Bariatric (weight loss) surgery can help people with type 2 diabetes experience improvements in blood glucose, and it is one possible way of achieving remission from type 2 diabetes. Other ways of achieving type 2 diabetes remission include low carb and low calorie diets.
In this new study from the University of Nottingham, led by Professor Iskandar Idris, the long-term benefits on cardiovascular health from weight loss surgery were explored.
A total of 131 people with type 2 diabetes who underwent bariatric surgery were compared with 579 people with the condition who did not undergo surgery. Their health outcomes were then monitored over a 10-year period.
Coronary heart disease occurs when blood supply to the heart is blocked, while PAD is a condition in which a build-up of fatty deposits in the arteries restricts blood supply to leg muscles.
Currently it is only a small number of people who are recommended for such surgery, although NICE recommends surgery be offered to people with a BMI of 35 or above, and that those with recently-diagnosed type 2 diabetes should be offered assessment for surgery.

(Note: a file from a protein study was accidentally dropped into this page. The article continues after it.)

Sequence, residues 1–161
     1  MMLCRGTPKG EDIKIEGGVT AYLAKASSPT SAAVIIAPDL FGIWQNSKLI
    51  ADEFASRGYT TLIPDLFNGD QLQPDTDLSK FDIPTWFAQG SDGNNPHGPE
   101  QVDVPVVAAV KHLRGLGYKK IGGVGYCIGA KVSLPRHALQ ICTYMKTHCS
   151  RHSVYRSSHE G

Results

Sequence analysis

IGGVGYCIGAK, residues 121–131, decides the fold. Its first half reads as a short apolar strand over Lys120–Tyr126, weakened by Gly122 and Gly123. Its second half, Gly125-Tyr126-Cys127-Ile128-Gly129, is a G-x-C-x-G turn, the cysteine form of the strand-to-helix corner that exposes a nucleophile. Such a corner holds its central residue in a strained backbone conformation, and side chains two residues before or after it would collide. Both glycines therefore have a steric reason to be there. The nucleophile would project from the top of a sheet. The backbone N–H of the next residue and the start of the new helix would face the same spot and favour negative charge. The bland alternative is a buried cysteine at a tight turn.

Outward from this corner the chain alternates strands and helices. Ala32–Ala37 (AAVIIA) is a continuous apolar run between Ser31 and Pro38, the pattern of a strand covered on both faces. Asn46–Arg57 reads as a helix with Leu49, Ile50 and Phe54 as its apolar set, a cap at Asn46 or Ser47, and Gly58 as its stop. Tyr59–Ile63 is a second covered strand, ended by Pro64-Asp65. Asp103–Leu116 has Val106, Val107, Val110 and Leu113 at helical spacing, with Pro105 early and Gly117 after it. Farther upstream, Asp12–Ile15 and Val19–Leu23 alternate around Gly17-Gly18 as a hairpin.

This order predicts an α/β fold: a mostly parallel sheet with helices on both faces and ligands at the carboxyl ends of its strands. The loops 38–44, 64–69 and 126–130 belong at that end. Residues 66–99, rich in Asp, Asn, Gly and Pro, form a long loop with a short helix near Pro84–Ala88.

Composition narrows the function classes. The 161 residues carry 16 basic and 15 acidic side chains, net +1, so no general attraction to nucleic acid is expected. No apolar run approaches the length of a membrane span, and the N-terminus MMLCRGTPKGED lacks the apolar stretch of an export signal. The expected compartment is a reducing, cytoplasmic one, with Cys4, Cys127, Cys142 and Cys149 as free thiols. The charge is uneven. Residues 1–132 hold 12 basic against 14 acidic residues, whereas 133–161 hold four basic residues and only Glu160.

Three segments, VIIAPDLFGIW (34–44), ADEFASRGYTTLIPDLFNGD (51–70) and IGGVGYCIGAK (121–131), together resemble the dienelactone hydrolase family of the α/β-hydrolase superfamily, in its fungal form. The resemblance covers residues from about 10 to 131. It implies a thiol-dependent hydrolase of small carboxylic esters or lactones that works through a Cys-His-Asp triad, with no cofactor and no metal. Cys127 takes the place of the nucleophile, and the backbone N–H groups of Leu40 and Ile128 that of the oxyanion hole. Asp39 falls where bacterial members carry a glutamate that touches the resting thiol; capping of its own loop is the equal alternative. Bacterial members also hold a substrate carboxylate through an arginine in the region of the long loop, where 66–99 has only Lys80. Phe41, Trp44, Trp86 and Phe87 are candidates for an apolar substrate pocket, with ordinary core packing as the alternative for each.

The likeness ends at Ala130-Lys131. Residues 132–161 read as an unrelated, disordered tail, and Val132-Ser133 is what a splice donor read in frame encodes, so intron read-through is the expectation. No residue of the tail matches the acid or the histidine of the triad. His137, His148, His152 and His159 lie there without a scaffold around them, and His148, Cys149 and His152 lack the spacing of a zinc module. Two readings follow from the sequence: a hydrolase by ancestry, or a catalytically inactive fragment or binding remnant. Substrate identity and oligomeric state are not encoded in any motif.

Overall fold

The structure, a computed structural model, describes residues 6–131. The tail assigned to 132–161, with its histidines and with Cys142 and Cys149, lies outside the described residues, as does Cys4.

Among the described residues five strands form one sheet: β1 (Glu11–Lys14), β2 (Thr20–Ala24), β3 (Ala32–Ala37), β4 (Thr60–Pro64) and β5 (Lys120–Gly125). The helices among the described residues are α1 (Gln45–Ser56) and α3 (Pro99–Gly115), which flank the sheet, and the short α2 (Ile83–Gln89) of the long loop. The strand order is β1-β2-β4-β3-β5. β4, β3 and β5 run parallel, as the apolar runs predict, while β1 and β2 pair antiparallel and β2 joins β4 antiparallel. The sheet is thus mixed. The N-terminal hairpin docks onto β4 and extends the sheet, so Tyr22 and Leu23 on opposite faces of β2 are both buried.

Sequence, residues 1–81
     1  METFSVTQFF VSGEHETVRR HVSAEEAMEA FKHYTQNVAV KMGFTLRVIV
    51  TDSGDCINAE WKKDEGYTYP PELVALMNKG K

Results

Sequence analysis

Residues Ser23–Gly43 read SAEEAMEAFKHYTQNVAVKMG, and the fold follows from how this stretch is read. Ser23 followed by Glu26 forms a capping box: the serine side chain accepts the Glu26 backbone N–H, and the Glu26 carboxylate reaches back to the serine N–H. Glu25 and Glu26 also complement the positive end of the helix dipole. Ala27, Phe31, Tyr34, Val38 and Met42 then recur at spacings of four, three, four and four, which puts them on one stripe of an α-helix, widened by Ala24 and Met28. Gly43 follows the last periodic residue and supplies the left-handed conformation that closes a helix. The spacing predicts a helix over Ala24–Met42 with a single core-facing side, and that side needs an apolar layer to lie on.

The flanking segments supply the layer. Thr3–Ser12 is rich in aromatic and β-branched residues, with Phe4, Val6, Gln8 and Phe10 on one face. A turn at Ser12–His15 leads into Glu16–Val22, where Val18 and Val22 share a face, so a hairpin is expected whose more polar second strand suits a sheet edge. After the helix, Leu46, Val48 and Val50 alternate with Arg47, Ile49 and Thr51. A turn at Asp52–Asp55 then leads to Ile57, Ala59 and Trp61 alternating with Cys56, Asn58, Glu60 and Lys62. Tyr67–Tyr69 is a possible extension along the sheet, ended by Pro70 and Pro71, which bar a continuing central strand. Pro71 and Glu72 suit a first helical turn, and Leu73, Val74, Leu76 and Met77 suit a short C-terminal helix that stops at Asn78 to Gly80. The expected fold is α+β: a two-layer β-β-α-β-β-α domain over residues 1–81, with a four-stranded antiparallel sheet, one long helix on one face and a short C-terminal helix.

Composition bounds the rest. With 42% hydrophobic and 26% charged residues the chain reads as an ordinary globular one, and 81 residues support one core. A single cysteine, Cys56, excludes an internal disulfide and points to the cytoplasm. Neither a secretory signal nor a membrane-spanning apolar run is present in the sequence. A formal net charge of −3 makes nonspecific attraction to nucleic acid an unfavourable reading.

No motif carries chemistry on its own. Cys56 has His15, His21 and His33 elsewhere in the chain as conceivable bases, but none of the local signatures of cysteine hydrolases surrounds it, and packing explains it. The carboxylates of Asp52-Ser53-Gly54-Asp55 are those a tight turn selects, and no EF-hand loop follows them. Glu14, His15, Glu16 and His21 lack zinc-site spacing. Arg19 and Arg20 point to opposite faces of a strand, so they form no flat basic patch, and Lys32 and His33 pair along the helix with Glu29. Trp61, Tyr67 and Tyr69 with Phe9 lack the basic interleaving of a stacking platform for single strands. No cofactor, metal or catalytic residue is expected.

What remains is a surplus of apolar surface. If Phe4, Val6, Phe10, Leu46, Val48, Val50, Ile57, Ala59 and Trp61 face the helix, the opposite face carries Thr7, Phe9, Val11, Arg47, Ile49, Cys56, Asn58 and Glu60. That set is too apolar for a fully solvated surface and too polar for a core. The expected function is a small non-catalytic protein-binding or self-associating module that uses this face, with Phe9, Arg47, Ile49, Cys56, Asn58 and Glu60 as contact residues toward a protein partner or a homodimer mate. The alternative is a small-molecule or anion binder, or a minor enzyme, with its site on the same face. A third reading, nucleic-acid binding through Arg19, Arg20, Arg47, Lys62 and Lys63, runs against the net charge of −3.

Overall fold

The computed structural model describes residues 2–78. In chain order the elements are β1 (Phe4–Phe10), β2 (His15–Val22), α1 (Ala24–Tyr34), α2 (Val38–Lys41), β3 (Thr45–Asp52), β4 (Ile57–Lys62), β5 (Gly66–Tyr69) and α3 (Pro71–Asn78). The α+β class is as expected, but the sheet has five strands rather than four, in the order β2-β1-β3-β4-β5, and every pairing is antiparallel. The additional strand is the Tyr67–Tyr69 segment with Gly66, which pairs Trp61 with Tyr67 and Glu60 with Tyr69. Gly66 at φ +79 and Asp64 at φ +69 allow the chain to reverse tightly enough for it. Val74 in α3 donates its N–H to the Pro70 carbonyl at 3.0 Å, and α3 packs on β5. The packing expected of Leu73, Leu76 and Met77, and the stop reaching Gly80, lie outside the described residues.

Mohammed Alkharaiji, the study’s lead author, said: “Our data shows that, in the long run, significant overall health improvements are seen after surgery. In many cases, this increased the patients chances of being able to manage their type 2 diabetes without taking insulin and was accompanied by evidence of a protective effect against potential cardiovascular complications.”
However, the research also showed that bariatric surgery did not appear to reduce the risk of other cardiovascular events the researchers tracked (heart attack, stroke and heart failure).
The researchers concluded that the potential long-term benefits in cardiovascular health which people could experience through weight loss surgery may increase pressure for bariatric surgery to be more seriously considered as a viable option for tackling type 2 diabetes in obese individuals, helping reduce their risk of cardiovascular health.